A Now-Submerged Prehistoric Village Located Off The Coast Of Israel Was Able To Survive A Climate Cooling Crisis Around 8,200 Years Ago

The team uncovered a number of remains at the site, including pottery shards, stone tools, plant/animal remains, and traces of architectural structures. These artifacts helped them come to the realization that the site coincided with the 8.2 ka climate event.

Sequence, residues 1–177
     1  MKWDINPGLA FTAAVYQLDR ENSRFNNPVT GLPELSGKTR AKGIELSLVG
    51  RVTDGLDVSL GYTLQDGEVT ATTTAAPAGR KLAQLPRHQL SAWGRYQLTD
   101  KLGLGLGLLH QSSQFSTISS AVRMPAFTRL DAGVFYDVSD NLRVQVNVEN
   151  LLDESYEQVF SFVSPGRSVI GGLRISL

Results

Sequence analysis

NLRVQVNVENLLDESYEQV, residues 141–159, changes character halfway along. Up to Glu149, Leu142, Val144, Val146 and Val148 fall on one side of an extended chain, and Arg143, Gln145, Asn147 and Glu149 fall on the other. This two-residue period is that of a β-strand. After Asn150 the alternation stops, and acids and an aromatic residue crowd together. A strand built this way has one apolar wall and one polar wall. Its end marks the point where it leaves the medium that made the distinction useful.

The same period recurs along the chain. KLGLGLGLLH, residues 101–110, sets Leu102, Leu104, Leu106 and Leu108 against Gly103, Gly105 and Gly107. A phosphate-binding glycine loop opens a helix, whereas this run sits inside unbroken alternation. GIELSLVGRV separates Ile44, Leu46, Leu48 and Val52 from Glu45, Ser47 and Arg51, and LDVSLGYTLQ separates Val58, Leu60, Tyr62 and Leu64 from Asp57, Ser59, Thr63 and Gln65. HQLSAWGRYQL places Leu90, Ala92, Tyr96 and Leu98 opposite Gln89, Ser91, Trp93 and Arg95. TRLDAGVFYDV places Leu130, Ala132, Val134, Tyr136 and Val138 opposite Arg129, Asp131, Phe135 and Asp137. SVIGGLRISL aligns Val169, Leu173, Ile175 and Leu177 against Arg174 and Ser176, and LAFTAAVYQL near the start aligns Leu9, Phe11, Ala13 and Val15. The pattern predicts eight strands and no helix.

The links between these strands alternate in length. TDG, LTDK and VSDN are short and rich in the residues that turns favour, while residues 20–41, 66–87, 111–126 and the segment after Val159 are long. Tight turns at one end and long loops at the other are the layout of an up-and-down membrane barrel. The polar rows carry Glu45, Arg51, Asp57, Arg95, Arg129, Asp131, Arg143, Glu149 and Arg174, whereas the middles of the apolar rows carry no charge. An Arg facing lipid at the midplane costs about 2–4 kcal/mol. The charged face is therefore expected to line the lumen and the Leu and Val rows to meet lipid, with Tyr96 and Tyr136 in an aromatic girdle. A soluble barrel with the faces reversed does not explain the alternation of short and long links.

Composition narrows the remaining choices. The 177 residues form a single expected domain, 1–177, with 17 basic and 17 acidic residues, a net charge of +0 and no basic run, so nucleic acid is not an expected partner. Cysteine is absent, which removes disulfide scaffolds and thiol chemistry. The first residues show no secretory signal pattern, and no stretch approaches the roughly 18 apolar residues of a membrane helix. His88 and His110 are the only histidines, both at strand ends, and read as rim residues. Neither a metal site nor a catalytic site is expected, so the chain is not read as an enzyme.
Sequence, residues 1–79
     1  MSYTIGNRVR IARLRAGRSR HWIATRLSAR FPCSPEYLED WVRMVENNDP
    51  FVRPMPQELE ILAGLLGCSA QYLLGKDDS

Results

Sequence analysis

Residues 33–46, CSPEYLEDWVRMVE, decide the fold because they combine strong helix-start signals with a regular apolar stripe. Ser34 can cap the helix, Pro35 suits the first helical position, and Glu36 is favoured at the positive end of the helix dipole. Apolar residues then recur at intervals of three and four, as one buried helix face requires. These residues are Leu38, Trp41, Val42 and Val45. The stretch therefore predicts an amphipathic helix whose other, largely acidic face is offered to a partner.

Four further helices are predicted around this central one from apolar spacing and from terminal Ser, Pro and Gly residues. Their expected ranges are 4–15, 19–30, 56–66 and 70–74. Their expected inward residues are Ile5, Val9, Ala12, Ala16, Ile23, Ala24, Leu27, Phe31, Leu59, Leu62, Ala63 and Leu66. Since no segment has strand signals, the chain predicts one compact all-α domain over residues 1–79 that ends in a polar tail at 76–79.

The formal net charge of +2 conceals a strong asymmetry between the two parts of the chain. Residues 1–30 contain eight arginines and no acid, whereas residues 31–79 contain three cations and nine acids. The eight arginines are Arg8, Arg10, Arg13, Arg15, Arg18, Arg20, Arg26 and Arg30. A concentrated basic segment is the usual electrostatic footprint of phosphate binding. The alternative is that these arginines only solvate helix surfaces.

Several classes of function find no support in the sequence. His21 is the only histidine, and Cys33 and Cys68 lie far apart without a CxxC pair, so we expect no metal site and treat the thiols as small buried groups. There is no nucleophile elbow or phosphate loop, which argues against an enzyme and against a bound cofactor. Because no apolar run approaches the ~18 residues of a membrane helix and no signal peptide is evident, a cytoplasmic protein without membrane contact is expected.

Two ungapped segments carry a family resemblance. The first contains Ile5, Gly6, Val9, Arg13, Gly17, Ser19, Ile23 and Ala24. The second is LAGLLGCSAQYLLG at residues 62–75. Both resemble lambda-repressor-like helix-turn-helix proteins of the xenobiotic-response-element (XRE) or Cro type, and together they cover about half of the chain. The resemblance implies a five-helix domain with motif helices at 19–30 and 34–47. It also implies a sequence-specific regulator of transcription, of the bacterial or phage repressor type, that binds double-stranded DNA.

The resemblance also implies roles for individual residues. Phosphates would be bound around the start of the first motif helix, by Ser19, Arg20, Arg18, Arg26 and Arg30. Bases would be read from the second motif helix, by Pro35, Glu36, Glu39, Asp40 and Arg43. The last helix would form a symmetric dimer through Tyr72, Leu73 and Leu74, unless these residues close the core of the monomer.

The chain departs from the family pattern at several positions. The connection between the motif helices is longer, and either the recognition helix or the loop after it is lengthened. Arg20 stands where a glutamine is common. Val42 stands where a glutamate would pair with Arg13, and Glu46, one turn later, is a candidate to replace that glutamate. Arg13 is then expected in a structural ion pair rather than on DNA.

The researchers don’t know how the people living at Habonim North survived or how the climate event impacted them, but they believe that having access to marine resources such as shrimp, fish, lobster, crab, clams, mussels, and oysters, as well as agricultural resources, helped the villagers thrive. Additionally, there is evidence to suggest that they may have traded with other communities.

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